I turn finally, because I know that this matter is of interest and concern to hon. Members on both sides of the House, to the employment and investment benefits of Section 8 schemes. I must emphasise that, as I pointed out at Question Time, they are not in themselves linked to job creation. Job creation is incidental rather than the prime purpose, which is to achieve higher efficiency and higher productivity, and in some sectors and on some individual investments this may actually work against employment levels.

It is important to stress that in applying these schemes and in making firms more competitive and improving their productivity we therefore secure the jobs of those who remain in the industry. Far from having a negative effect on total employment, the schemes have given rise, though they are not specifically intended to do so, to 22,000 prospective new jobs. They will also preserve or give rise to jobs in those supplying industries from which the firms will order their plant, equipment and buildings. The departmental estimate is that 170,000 man-years of work will arise from the orders that will be placed with suppliers in the United Kingdom to meet the needs of those receiving the grants under the scheme.

Mr. Giles Shaw (Pudsey)

Will the right hon. Gentleman comment on how far he is satisfied that, with schemes under the section proceeding, his colleagues in the Department of Trade are seized of the important consequences? Does he not agree that in many instances, certainly in wool textiles, for example, industry schemes have been enacted but problems have arisen in trading arrangements which may make the investment abortive?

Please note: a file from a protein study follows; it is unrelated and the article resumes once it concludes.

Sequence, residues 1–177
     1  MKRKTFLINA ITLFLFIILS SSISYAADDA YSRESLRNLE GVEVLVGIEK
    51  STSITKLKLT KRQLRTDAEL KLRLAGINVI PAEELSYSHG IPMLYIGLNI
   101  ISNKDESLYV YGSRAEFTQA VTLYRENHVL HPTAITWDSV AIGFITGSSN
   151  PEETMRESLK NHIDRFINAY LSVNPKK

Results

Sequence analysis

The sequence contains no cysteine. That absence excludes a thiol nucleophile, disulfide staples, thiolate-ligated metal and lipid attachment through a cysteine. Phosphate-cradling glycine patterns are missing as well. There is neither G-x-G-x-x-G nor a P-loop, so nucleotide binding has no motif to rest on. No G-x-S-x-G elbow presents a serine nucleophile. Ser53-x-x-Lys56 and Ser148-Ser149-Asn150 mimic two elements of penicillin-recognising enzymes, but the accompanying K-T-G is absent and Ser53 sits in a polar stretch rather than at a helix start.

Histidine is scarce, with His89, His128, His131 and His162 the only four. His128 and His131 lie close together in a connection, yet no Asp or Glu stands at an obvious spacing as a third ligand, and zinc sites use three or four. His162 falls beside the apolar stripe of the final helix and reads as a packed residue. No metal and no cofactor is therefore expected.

Mr. Williams

I am sure that the hon. Gentleman will have noted with pleasure the success of the Governments of the Common Market in the recently agreed Multi-Fibre Arrangement. He will know that the industry, both on the employers' and the trade union side, has gone out of its way publicly to express thanks and congratulations to the Government and to the EEC negotiators for the form of that agreement. They feel that the MFA as now negotiated gives them the breathing space in which they can begin to exploit the competitive edge which their investments under the wool textile scheme, mark I and mark II, have given. Therefore, I think that the hon. Gentleman can be assured that we are well apprised of these needs and have already acted upon them, particularly at the request of a sector working party under the industrial strategy, which for some reason is so disparaged by Conservative Members.